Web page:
Laika has the ability to conjure up magic and unique premises that you can’t find anywhere else, and it’s why I think they’re bringing so much to the animation medium. While “The Box Trolls” isn’t their best title, it surely is a meaningful and heartfelt work of art that works as an entertaining allegory about the class structure and the idea of the dream of wealth and whether or not it can ever live up to our fantasies. Is there such a thing as too much? And it is really as ideal as we think?
In 1988, Tim Burton introduced us to a foul-mouthed freelance “bio-exorcist” ghost, simply named Beetlejuice (or, to those sticklers out there, Betelgeuse). Like most entities of his ilk, chanting his name three times would give him power, allowing him to interact with the real world and perform hauntings and create monsters. Michael Keaton took on the guise of the demonic anti-hero with a penchant for perversion and trickery and director Tim Burton created a bonafide horror icon for the 90s. In 1989, the love for Beetlejuice had hit its high and Burton cemented himself as a master of Goth tales with Batman and Edward Scissorhands soon after.
When I was a kid whenever councils or committees tried to encourage kids to read, they always invented some kind of mascot, and for me it was Cap’n O. G. Readmore. Every Saturday morning after the cartoons, he’d show up to remind kids to read, and explain how much fun reading was. “The Pagemaster” has good intentions but deep down it feels disingenuous and an awful lot like a glorified Saturday Morning special turned in to a big feature. At barely eighty minutes in length, it’s a mediocre, dreary, occasionally boring film that you can’t help but feel like it could have been shown as a TV movie.
“Avatar” was and is one of the most interesting animated epics on television in years. With an industry looking to bring nothing but disposable cartoons and lame comedy even years after its end, it’s rare that we were able to sit and watch animated epics. “Avatar” was engaging, beautiful, and often very emotional. As a person who fancies himself an animation aficionado, it’s rare to find excellent storytelling in the medium anymore beyond movies, and “Avatar” proved me wrong in many instances as a simple children’s fantasy series.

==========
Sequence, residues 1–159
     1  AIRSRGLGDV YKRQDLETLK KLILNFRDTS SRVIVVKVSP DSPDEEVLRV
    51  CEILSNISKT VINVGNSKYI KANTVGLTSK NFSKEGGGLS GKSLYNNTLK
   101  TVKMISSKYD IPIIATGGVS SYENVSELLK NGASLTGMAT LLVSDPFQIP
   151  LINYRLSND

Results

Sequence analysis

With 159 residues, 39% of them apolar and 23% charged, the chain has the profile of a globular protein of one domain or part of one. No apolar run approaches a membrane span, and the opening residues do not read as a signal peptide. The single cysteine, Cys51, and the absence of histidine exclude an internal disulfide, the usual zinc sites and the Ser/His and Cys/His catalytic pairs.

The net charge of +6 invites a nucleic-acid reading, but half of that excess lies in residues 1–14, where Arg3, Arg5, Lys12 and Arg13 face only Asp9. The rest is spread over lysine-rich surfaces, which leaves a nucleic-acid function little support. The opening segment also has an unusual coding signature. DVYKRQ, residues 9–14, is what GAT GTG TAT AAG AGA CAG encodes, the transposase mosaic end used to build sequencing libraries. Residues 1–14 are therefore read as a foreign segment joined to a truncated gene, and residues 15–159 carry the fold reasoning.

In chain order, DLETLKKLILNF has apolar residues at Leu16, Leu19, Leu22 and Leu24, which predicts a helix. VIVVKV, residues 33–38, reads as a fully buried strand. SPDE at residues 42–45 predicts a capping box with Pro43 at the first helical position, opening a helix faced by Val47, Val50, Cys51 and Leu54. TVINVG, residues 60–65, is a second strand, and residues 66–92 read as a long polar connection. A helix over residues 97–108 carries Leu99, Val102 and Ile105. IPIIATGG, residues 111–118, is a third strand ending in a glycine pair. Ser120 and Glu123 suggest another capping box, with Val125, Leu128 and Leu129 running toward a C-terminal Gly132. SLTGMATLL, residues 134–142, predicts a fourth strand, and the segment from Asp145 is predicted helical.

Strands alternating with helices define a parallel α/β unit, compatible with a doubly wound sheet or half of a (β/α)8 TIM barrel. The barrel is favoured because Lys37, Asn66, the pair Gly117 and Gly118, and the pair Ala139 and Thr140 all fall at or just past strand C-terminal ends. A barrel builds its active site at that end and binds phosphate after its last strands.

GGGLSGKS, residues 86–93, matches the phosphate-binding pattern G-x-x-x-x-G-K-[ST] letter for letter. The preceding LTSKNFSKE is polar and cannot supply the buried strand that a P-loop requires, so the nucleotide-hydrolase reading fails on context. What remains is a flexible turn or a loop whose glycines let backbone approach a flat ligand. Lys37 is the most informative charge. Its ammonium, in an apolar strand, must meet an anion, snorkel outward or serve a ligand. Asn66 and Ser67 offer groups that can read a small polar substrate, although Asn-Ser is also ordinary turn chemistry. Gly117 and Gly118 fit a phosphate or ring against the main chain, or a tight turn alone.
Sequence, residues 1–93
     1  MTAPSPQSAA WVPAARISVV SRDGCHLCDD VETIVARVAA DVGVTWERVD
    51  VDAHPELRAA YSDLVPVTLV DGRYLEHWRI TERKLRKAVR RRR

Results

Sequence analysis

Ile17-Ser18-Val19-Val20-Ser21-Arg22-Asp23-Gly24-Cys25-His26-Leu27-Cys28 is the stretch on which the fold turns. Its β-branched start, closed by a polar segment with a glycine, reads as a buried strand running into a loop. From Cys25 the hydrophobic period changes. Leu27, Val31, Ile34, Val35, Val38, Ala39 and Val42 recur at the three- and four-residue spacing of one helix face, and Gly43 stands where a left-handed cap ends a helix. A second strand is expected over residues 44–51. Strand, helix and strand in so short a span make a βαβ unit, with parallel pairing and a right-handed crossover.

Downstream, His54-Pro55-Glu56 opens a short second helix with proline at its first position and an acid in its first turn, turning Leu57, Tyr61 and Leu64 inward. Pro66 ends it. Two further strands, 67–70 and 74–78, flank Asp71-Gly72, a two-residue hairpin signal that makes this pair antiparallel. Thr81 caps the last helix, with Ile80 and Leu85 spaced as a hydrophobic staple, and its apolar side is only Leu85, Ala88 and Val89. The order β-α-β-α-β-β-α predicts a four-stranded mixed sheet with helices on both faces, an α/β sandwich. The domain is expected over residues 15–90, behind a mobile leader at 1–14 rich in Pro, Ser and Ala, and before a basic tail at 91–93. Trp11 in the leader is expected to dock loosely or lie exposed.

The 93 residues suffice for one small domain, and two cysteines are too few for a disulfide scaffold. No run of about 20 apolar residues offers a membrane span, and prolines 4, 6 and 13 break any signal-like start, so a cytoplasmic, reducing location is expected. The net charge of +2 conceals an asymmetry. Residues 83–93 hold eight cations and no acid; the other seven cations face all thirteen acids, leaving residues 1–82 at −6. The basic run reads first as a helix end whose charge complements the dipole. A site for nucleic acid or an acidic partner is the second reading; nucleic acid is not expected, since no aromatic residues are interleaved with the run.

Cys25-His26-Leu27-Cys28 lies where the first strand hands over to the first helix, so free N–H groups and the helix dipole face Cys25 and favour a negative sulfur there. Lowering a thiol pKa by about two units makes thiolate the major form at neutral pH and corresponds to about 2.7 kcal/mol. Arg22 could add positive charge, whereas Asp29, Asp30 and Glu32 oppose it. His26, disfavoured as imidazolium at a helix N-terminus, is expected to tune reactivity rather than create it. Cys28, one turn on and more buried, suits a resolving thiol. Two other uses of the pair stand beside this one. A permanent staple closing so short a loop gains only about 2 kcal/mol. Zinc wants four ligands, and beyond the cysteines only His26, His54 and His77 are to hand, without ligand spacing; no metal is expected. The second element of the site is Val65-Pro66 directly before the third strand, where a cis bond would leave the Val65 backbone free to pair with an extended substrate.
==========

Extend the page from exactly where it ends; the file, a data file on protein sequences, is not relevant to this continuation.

It’s shocking that “Manifest” lives on to see a second season, as the series is thick in mystery and mythos and it might drive fans nuts if it ends without some answers. I’m not usually a fan of series like “Manifest” that practice the tradition of an ensemble of characters uncovering a mystery that connects them a la “Lost,” but “Manifest” is a pretty good science fiction drama all things considered. I don’t know if the show is going to dip in to science fiction or religious realms soon, but the series digs in to some unique material with a prologue that is pretty damn compelling.
Over twenty five years later, “Aladdin” is still one of the best animated films of the Disney golden age of the late eighties and nineties. Whether it’s on the big screen or the small screen, Jon Musker and Ron Clements’ adaptation of the original series of fantasy tales is engaging, and fun, but also excels in its simplicity and accessibility. Aladdin is also one of the most underrated Disney heroes in their staple, it’s a shame he doesn’t get mentioned too often.
It’s surprising how much “RoboCop” has managed to stay relevant in this day and age. Despite being a science fiction classic with excellent biblical overtones, Hollywood has sought out to re-invent the series time and time again. After the passable remake years ago, RoboCop proved he still had some pop culture momentum with his baffling appearance in a KFC commercial (even with original star Peter Weller in the costume). After the ballyhoo with the reboot failing to gain steam yet again a few weeks ago, I felt like re-visiting “RoboCop: The Animated Series.” The 80s was a time where pretty much nothing was off limits and studios spent an odd amount of resources trying to tailor adult properties to kids.
With Disney remaking their remakes of classic fairy tales and adventure novels, stories like “The Jungle Book” are all the rage these days. For folks that want to branch out from the Disney umbrella and check out what other companies have adapted these classic stories, Mill Creek Entertainment releases a collection of animated adaptations of legendary adventures and fantasies. It’s especially good if you’re looking to save a few bucks while expanding your animated horizons beyond the House of Mouse.